Making a short film is largely a labour of love, so it's always worth clarifying why you are embarking on such madness and adventure. Before you start let's decide on the reasons to make a short film, where is this film going to be shown and where to find the money.
Reasons to make a Short Film
Experience: you might want to experiment with pulling a team together to make a story on film.
A Showreel: you might be pursuing a career in filmmaking and want to demonstrate your skills.
Partnerships: you'd like to try working with certain people to see if you can go on to collaborate on projects in the future.
Kudos: you may have found a high profile director/writer/actor, who'll help you raise your filmmaking profile, or want to use your film to elevate your own industry profile.
Testing out an idea: you've always thought a certain story would work well on screen or you've got a feature film idea that you want to try out on a small scale first.
Money : you may have been asked to work on a production with a budget to pay its crew. (This is very rare as short films don't generally pay in any financial dividends.)
Where is the film going to be shown?
Your reasons for making the film should also relate to where the film is going to be shown.
You could be making it for:
Your front room - many filmmakers start out by testing their ideas on family and friends.
A showreel - maybe you're building a body of work to prove to others that you have filmmaking skills and/or to persuade them to give you some funding to make another film.
The Internet - a great means of getting your work out there and getting feedback from a wide range of people, internationally.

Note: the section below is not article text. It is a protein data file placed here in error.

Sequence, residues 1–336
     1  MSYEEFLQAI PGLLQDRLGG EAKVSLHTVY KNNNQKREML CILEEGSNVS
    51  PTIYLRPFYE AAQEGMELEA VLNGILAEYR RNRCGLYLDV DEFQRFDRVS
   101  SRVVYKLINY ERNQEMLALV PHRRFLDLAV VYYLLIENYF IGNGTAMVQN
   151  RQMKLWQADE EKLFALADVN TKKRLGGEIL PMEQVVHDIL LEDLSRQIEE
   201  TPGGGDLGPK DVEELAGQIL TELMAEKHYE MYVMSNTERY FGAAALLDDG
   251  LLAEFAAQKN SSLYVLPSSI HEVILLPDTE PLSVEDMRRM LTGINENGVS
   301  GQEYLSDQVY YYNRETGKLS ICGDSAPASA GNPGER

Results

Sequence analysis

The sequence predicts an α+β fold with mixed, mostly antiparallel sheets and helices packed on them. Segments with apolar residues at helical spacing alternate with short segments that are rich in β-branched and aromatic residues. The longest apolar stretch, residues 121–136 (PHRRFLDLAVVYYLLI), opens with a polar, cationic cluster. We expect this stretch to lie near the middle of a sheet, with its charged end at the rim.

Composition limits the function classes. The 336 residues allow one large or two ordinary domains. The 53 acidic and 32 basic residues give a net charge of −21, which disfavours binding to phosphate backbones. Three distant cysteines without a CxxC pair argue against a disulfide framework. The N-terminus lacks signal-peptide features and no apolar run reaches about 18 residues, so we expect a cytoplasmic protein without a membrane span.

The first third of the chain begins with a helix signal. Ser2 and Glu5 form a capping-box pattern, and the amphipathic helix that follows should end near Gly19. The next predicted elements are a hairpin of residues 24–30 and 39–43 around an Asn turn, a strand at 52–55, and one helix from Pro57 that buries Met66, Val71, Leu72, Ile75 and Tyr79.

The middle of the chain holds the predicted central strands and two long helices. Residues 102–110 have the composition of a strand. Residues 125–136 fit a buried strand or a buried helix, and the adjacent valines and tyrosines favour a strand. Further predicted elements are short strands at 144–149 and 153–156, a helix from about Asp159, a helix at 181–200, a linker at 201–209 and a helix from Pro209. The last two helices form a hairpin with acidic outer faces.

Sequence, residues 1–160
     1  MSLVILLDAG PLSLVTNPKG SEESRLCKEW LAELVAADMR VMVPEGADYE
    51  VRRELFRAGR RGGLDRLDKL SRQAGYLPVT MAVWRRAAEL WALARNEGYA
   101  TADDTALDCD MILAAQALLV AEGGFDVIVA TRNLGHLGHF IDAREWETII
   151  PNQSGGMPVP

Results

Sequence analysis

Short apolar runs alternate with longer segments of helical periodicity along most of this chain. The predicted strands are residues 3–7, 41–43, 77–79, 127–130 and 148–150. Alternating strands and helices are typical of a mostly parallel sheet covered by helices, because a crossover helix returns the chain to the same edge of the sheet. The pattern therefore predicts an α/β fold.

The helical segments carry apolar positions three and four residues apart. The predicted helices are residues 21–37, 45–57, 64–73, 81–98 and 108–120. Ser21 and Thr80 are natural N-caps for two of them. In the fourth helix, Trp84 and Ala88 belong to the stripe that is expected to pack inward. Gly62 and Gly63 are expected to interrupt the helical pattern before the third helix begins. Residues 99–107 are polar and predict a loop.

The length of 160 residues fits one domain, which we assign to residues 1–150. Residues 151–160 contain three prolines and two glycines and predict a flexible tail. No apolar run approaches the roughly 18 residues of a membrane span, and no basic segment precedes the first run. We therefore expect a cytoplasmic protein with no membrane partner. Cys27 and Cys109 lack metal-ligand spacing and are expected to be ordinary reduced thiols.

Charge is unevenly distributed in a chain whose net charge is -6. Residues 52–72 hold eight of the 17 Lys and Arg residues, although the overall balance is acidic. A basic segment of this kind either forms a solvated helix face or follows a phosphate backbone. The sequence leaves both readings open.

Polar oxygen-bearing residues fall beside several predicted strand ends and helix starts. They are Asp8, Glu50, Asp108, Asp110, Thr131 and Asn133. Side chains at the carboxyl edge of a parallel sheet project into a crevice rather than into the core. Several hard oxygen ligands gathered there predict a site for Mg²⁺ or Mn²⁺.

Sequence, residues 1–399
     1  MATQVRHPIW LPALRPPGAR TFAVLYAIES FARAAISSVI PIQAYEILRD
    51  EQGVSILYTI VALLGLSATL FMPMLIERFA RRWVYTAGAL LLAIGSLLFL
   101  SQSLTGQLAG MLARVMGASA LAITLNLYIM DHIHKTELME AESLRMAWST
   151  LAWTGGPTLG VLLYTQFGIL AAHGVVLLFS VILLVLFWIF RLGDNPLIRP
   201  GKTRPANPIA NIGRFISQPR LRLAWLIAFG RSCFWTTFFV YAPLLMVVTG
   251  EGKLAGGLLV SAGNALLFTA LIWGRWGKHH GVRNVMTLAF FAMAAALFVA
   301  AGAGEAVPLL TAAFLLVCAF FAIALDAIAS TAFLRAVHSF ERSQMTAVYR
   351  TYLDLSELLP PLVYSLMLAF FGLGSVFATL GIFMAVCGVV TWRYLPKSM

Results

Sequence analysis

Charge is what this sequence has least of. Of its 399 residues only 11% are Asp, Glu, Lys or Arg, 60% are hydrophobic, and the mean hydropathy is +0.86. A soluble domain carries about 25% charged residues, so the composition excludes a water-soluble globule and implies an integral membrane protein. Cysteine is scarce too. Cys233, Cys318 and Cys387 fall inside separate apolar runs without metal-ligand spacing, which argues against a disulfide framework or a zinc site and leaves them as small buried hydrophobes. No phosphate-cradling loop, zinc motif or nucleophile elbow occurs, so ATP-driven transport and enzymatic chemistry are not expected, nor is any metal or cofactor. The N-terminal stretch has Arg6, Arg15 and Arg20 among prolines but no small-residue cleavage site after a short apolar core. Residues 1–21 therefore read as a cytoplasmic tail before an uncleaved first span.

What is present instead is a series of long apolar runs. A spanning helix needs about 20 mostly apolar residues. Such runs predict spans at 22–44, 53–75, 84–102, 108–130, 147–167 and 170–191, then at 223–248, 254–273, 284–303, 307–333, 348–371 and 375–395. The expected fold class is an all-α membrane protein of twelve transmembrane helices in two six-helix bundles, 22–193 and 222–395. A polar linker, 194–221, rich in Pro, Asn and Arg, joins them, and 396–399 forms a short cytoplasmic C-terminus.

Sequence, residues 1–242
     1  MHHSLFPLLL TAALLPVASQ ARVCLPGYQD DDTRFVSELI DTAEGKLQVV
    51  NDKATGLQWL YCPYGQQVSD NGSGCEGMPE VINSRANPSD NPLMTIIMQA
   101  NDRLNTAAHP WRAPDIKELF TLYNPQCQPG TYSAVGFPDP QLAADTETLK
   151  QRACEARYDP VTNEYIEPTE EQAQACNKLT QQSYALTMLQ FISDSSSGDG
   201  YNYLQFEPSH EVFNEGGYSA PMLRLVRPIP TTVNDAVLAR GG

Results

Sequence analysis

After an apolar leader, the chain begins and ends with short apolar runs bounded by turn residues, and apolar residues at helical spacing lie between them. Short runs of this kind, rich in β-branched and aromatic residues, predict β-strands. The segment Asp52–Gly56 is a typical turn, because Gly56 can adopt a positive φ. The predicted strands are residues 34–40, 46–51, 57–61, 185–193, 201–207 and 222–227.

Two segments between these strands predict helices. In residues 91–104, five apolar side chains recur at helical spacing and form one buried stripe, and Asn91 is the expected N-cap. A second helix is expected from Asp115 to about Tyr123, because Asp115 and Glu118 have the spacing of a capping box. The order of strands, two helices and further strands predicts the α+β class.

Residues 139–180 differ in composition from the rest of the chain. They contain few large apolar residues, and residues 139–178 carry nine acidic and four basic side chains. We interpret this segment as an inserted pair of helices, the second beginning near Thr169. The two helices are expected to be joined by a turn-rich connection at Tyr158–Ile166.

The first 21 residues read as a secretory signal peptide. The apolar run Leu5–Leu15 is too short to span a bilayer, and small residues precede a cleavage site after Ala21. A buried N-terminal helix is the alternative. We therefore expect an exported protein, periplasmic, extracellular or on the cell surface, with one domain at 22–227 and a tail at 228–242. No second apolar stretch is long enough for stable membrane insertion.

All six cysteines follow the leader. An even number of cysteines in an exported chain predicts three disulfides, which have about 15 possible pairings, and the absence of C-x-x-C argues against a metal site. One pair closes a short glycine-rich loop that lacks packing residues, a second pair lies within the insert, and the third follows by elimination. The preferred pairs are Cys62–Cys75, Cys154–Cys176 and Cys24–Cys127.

Television - if your film is of a high quality, a television channel may screen it, especially if it fits into a slot with other short films.
The cinema - one of the hardest places to get a short film screened, but some very successful shorts have been shown before feature films on general release. Some cinemas also run short film events.
Festivals - a great opportunity to get your film on the big screen, watched by an audience of industry people and by filmmaking peers.
The answers to 'why' and 'where' determine the standard you need to work to - there is a minimum standard of technical quality required for broadcast on television and a very different quality for transfer from tape to film.
Why you are making a short film, and where you want it to go, will determine what you shoot on, which equipment you use, budgets, crew numbers and potential markets. You and your team's objectives set the parameters of what you are going to create.
Be clear about these objectives and then crack on with the project. There are small pots of money for short films - especially those on digital formats. The industry is also full of people who are willing to do work at reduced rates because they like an idea, they like someone involved with the project or they simply remember what it was like to start out in filmmaking.